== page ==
At one point, accompanied by drummer Duncan Moore and bassist Rob Thorsen, he deconstructed and re-imagined the 1930s Broadway show tune “April in Paris.” Playing off the well-womelody, he dished out skeins of dissonance and maintained a wicked sense of swing. In the hands of a lesser performer, the result might've sounded jarring. But White's treatment was strangely organic and apropos.
Later, when Moore and Thorsen left the stage, the 26-year-old pianist began a slow rubato of cloud-like harmonies that darkened suddenly into a maelstrom of left- and right-hand explosions. Gradually, the familiar theme of “Body and Soul” began to surface in fragments. Finally, a fully formed arrangement appeared out of the ether.
It's no wonder why White is quickly becoming the most talked-about jazz musician in San Diego. Ask any of his cohorts and they'll agree that he has incredible technical facility, a commitment to exploratory principles and the ability to hear and respond on the deepest possible level.
“He can read, of course, but his process isn't about reading. It is that he listens and listens until he absorbs and internalizes the music,” says Mark Dresser, a bassist and composer who regularly plays with White. “When you play with him, he hears so quickly and feels what's going on [so] that he can not only respond, but offer abstractions. Because of this, his vocabulary is growing seemingly by leaps and bounds. He brings so much to the table.”
Lately, White's profile has been growing outside the city. In September, he won second place at the Thelonious Monk international Jazz Piano Competition at the Kennedy Center in Washington, D.C., beating out a field of more than 160 applicants from around the world. In the process, he wowed jazz giants like Wayne Shorter and Herbie Hancock and, for good measure, scored a meet-and-greet photo-op with President Obama.
But White remains a fixture in the local jazz scene, regularly playing with everyone from trumpet virtuoso Gilbert Castellanos to be-bop legend Charles McPherson. And it's at these local shows where he really shines.
In October, at a Bass Summit concert at Dizzy's, the Downtown jazz venue, White and Dresser showed off their virtuosic technique in a spontaneous, improvised duet. returning to Dizzy's a few weeks later, this time with bassist J.P. Maramba and drummer Dan Schnelle, White delivered 90 minutes of the best jazz the city has to offer.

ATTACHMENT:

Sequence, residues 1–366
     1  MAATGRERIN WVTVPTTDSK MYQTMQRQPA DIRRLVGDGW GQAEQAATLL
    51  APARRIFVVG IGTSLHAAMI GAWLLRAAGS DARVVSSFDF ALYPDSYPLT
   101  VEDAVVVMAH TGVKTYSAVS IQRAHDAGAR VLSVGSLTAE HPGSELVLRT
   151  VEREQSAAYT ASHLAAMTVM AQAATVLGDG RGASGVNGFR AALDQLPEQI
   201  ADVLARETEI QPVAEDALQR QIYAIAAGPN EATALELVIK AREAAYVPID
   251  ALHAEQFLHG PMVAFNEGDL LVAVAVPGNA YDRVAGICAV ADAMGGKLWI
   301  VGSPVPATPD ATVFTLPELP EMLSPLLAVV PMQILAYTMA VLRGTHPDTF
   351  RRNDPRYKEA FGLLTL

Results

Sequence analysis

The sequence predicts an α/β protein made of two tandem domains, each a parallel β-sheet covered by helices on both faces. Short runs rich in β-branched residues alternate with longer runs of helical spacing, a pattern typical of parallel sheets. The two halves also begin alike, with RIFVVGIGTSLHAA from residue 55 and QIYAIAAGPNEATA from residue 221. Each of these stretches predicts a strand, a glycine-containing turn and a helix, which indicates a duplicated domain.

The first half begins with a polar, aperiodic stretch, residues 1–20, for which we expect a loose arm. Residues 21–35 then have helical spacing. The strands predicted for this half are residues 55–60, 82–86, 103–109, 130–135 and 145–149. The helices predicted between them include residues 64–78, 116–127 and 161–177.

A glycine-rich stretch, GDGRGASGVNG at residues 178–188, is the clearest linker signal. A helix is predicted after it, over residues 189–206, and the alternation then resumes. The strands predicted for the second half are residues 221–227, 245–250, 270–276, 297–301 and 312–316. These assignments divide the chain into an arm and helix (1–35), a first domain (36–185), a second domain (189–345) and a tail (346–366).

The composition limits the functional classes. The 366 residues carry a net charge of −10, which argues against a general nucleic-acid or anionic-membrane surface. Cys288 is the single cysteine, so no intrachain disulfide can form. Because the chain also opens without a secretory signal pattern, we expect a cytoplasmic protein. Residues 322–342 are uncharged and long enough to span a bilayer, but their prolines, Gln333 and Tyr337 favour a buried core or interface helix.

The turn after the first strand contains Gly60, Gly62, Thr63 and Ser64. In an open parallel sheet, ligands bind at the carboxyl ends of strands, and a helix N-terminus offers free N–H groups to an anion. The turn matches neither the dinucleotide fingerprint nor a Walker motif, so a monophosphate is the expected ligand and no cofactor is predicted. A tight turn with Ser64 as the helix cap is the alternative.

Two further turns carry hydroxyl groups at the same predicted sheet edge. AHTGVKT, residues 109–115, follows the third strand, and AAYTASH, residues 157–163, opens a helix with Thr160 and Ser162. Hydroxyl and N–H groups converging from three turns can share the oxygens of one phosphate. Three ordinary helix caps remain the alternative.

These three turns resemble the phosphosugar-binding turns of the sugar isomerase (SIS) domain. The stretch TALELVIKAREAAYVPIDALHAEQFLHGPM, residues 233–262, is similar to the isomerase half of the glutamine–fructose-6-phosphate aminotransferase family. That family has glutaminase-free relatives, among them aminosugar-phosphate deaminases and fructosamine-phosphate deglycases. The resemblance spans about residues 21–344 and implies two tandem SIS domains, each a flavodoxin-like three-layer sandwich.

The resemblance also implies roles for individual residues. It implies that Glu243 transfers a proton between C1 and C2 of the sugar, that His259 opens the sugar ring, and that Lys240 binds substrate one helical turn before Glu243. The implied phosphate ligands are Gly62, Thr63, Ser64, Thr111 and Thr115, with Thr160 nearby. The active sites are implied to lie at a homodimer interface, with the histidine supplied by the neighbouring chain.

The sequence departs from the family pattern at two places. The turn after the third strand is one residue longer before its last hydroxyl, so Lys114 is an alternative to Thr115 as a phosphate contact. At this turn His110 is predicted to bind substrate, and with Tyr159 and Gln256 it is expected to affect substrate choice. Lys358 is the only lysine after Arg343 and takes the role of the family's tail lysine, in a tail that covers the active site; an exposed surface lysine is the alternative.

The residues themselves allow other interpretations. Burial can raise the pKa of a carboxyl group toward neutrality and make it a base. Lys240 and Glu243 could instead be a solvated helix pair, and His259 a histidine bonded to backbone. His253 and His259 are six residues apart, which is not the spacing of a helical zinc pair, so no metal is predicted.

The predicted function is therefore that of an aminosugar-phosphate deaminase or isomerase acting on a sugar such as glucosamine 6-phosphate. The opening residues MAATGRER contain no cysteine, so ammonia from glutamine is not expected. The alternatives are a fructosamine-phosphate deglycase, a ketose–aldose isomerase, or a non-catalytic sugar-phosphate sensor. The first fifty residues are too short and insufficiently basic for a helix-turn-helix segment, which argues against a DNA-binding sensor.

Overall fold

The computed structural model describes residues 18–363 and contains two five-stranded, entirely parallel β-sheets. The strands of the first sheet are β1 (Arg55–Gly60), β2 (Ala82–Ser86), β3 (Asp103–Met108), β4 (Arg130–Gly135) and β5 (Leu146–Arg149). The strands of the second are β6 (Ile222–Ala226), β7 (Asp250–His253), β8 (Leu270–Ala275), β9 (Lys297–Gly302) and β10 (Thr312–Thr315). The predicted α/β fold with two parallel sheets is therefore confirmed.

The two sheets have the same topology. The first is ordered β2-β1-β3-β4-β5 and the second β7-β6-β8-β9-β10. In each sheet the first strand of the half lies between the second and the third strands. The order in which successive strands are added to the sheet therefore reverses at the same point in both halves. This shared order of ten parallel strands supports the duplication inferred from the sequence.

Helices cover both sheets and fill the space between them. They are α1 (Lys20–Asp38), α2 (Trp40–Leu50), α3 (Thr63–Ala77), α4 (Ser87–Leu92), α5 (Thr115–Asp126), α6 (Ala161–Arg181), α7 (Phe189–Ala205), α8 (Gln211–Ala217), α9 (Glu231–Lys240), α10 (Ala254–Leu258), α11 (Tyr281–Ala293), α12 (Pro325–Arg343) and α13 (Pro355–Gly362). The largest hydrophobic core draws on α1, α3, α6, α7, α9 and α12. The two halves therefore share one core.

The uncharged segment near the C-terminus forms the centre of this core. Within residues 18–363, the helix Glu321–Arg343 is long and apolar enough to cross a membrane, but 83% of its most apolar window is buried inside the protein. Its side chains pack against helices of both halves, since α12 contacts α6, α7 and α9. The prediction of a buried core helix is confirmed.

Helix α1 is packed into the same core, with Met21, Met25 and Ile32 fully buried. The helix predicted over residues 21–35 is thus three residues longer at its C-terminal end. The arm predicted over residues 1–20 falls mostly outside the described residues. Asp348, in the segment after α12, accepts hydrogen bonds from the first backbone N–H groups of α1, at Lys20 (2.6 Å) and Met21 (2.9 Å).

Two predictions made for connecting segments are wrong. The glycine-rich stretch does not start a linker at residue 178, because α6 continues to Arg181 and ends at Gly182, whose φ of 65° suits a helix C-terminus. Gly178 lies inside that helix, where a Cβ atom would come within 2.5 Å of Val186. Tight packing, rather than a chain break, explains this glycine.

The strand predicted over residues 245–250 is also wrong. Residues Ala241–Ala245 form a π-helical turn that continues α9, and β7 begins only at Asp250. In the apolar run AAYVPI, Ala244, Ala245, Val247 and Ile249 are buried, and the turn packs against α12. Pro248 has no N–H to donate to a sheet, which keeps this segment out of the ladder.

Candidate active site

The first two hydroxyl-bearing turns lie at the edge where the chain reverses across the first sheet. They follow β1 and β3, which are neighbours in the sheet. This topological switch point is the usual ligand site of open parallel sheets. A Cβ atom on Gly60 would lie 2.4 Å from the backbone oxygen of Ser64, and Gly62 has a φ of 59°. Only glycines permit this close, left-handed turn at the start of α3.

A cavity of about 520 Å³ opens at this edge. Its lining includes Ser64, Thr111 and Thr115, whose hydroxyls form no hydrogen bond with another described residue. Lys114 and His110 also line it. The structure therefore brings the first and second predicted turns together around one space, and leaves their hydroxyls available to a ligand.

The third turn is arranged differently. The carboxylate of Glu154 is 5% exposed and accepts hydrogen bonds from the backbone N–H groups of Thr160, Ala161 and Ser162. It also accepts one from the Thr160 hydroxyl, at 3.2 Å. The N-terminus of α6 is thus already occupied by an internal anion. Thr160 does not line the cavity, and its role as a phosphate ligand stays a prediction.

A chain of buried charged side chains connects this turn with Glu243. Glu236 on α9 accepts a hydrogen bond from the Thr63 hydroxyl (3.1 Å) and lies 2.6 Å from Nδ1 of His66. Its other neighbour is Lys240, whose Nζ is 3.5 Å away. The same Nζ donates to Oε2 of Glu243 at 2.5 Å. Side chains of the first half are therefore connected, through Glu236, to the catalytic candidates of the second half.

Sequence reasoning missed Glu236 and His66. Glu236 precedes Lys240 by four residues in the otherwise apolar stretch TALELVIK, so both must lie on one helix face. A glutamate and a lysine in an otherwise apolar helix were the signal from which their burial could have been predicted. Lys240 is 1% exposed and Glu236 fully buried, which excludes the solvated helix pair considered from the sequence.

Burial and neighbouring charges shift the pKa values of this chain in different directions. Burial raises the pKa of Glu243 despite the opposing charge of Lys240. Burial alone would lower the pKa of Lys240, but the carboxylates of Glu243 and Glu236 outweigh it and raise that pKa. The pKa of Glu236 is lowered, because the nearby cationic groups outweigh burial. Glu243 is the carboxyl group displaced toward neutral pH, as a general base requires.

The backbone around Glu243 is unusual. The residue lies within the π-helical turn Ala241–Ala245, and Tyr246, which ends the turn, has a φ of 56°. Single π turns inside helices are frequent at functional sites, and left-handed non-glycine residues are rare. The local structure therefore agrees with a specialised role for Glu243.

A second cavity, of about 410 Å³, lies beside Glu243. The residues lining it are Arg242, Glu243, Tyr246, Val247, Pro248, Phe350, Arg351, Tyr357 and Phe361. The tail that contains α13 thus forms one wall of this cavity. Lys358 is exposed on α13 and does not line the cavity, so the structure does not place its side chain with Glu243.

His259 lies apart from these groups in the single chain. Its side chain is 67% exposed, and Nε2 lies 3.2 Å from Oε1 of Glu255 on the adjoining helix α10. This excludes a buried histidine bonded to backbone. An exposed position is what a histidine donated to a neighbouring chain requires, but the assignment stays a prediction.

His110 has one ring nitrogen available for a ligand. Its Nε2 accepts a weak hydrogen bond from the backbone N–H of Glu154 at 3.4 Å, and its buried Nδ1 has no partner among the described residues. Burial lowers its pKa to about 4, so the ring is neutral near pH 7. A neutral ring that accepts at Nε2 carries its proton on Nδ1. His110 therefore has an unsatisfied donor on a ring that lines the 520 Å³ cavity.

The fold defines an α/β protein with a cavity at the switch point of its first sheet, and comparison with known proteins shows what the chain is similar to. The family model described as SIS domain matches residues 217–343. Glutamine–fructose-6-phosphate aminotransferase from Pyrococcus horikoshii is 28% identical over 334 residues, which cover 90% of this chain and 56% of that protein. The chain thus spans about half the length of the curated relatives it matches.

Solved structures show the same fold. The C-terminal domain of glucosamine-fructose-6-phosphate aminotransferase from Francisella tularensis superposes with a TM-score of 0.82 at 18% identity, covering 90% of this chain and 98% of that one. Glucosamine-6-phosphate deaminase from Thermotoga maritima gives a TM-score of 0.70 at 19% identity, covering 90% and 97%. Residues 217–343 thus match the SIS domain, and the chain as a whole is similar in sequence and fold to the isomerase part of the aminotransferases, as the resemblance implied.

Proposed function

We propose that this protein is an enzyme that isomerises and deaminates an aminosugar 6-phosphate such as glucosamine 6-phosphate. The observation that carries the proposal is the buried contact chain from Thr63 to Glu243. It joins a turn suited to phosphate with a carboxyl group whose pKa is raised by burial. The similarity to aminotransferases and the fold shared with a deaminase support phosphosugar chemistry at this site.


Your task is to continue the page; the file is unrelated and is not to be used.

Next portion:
Using jazz standards as a vehicle for exploration, White took the familiar far afield with elastic phrasing and a colorful kind of dissonance. He showed a gift for bridging different styles, laying out lyrical lines that evoked Bill Evans and pounding at the keys in stormy, tension-building clusters like Andrew Hill.
Boin Los Angeles, raised in El Cajon, White was reared on classical and gospel music. He played organ in his church's gospel choir and later played flute in orchestras at SDSU and Grossmont College. He got into jazz in 2003, when he started attending Jazz Camp at UCSD. In the years since, he's cultivated a core value of listening and creating in the moment.
“It's like I'm gonna go 100 percent, and, hopefully, I'll be able to express myself in such a way where they understand where I'm going and what I'm feeling,” White says. “So, we'll follow the ideas; we'll follow the music. It's about that moment and that music.”
White likes to perform with different groups of musicians to keep things fresh. “I'm not comfortable unless it's uncomfortable,” he says. “It's not about preconceived notions or what you bring to the bandstand. I want the music to be found within the conversation we're having as a group.”
For Thorsen, White's approach is inspirational.
“Joshua is so adaptive to any situation, it's incredibly easy to play with him,” he says. “It's a challenge, but also very easy, because he's very receptive to a lot of ideas onstage— not verbally, but ideas expressed musically.”
Dresser, who hand-picked White for his quintet, says: “He operates on the feeling and vibrational level, his roots are so deep. I hear gospel at the core of his playing, which, for me, has some of the deepest feeling of all. He's used to operating at this level.”
Placing so high in the finals of the Monk competition has opened some new doors for White. On Nov. 30, he played at Blue Whale, a jazz bar in Los Angeles. In February, he'll perform in New York for the Tribeca Performing Arts Center's “Monk in Motion” series, which honors the top three finalists.
Indeed, White may soon outgrow the confines of San Diego's jazz scene. Catch him while you can.